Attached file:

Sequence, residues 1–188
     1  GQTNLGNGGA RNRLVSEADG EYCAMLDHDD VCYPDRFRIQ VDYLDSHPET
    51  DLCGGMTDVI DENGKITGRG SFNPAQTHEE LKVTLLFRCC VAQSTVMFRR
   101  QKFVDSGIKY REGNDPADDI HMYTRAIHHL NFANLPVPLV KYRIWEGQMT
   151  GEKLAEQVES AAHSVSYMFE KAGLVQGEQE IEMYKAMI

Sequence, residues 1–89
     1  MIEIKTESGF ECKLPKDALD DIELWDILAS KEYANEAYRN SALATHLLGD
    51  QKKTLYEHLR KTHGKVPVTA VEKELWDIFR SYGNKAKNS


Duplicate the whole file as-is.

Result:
Sequence, residues 1–188
     1  GQTNLGNGGA RNRLVSEADG EYCAMLDHDD VCYPDRFRIQ VDYLDSHPET
    51  DLCGGMTDVI DENGKITGRG SFNPAQTHEE LKVTLLFRCC VAQSTVMFRR
   101  QKFVDSGIKY REGNDPADDI HMYTRAIHHL NFANLPVPLV KYRIWEGQMT
   151  GEKLAEQVES AAHSVSYMFE KAGLVQGEQE IEMYKAMI

Sequence, residues 1–89
     1  MIEIKTESGF ECKLPKDALD DIELWDILAS KEYANEAYRN SALATHLLGD
    51  QKKTLYEHLR KTHGKVPVTA VEKELWDIFR SYGNKAKNS